[0105] Given the above high-level decomposition of A2S interface 802, a more detailed description of its operation can now be provided. Beginning from the asynchronous L input, a token (comprising N 1 of M channels following the four-phase handshake protocol) enters A2S converter 802 and is immediately copied to two branches: one into Pipelined Completion (PC 902), and the other into datapath buffers 912 preceding the A2S DTU array. PC 902 condenses the token into a single 1 of 1 token through several stages of logic, the number of stages depending on the size of N and M. The 1 of 1 token (on the “Ac” channel in FIG. 9) is then presented to A2S CTRL process 904 as a notification that an asynchronous token has arrived and is ready to be converted.

[0106] A2S CTRL process 904 samples the state of the 1 of 1 Ac channel on the next rising edge of CLK. Seeing that it contains valid data (Ac d asserted), it makes the decision whether to transfer the token to the synchronous domain or not, depending on the states of the output channel and the synchronous “grant” (Re) signal. If the R channel is empty (Rv low) or if the grant signal is high, A2S CTRL process 904 will raise its request signal (Rv). If Re is also high, CTRL 904 will assert the “go” datapath signal to the DTU array indicating that the datapath transfer units should acknowledge the asynchronous data token and latch the value to the synchronous Rd bits. By this time, the asynchronous token will have propagated through buffer 912 and will be ready for consumption by the array of DTUs 908.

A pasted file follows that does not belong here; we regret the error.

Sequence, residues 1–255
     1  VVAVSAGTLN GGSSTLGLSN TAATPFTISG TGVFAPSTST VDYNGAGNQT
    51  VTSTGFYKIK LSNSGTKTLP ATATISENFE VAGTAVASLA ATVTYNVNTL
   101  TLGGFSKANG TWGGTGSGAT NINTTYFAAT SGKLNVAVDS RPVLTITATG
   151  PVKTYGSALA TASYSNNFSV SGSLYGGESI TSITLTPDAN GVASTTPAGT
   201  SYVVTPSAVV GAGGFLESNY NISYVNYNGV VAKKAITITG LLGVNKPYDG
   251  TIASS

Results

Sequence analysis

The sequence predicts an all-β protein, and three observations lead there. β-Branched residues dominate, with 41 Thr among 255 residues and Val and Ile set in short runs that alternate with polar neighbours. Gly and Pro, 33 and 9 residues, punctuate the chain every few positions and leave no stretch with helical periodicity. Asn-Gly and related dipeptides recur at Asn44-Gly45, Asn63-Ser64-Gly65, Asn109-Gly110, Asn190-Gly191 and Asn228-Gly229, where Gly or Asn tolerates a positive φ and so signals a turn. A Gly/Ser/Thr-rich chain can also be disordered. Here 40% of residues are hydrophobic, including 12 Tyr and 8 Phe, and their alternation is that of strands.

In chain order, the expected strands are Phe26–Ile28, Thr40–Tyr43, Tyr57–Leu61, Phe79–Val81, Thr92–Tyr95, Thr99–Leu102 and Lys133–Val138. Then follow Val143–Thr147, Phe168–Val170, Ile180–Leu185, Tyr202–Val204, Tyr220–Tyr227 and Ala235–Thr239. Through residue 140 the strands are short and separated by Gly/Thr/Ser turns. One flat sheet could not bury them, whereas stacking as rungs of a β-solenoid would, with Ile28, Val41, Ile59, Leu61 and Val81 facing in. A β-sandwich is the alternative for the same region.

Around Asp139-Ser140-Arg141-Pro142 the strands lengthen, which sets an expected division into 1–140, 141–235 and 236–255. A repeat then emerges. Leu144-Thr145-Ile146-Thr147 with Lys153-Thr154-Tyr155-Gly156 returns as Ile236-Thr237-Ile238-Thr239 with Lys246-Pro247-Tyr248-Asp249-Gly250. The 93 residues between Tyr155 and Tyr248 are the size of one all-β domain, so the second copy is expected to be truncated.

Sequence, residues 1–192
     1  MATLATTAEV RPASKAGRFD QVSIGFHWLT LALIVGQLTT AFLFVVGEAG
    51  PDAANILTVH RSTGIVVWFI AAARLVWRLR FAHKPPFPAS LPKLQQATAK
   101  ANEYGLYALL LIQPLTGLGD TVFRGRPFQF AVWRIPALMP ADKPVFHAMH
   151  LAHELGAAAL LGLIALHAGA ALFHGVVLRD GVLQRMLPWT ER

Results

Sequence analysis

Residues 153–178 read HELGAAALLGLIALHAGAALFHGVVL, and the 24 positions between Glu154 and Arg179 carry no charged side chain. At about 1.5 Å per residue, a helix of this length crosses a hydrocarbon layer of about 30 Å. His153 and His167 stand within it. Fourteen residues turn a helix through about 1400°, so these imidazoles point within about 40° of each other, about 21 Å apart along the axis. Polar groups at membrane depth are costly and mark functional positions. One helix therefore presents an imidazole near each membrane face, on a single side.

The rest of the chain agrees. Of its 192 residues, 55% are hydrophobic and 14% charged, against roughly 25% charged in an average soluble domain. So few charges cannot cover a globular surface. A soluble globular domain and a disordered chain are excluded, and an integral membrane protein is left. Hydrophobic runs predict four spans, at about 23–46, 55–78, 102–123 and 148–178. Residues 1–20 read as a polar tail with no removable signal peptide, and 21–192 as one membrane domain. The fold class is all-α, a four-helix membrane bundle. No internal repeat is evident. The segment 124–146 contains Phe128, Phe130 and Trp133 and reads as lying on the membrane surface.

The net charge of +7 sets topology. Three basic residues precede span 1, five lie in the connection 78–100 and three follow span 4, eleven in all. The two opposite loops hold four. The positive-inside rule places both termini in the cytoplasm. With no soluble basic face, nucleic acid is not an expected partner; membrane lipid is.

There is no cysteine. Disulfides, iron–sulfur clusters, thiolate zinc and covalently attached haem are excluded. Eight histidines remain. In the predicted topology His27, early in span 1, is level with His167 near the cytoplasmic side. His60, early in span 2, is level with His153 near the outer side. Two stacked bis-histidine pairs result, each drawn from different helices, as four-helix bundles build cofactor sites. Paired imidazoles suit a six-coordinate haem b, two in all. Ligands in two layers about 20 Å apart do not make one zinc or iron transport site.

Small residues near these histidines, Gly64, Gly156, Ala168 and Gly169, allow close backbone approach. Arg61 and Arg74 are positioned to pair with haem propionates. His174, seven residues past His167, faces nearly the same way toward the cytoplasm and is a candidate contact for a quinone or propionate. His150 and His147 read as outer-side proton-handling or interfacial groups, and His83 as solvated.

[0107] If, on the other hand, A2S CTRL process 904 does not transfer the token, i.e., if Rv was high and Re was low, then it will neither acknowledge the Ac token nor assert “go”. On some subsequent clock cycle when Re goes high (indicating the recipient has accepted the stale synchronous value on R), it will then transfer the asynchronous token as described above.